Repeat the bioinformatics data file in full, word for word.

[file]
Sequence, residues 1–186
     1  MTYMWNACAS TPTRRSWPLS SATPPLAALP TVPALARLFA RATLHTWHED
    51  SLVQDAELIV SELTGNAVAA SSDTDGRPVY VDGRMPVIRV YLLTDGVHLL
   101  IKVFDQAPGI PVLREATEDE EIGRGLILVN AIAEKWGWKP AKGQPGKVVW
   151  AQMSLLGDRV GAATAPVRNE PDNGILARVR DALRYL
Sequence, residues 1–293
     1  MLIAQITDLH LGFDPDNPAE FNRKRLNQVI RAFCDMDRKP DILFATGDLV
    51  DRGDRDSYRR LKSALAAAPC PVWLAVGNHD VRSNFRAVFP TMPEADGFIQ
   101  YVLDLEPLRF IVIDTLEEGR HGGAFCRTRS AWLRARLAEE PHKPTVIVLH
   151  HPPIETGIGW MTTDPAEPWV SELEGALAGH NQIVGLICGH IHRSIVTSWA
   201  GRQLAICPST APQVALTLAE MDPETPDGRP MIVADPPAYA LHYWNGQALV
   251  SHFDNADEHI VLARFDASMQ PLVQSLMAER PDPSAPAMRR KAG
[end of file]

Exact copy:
Sequence, residues 1–186
     1  MTYMWNACAS TPTRRSWPLS SATPPLAALP TVPALARLFA RATLHTWHED
    51  SLVQDAELIV SELTGNAVAA SSDTDGRPVY VDGRMPVIRV YLLTDGVHLL
   101  IKVFDQAPGI PVLREATEDE EIGRGLILVN AIAEKWGWKP AKGQPGKVVW
   151  AQMSLLGDRV GAATAPVRNE PDNGILARVR DALRYL
Sequence, residues 1–293
     1  MLIAQITDLH LGFDPDNPAE FNRKRLNQVI RAFCDMDRKP DILFATGDLV
    51  DRGDRDSYRR LKSALAAAPC PVWLAVGNHD VRSNFRAVFP TMPEADGFIQ
   101  YVLDLEPLRF IVIDTLEEGR HGGAFCRTRS AWLRARLAEE PHKPTVIVLH
   151  HPPIETGIGW MTTDPAEPWV SELEGALAGH NQIVGLICGH IHRSIVTSWA
   201  GRQLAICPST APQVALTLAE MDPETPDGRP MIVADPPAYA LHYWNGQALV
   251  SHFDNADEHI VLARFDASMQ PLVQSLMAER PDPSAPAMRR KAG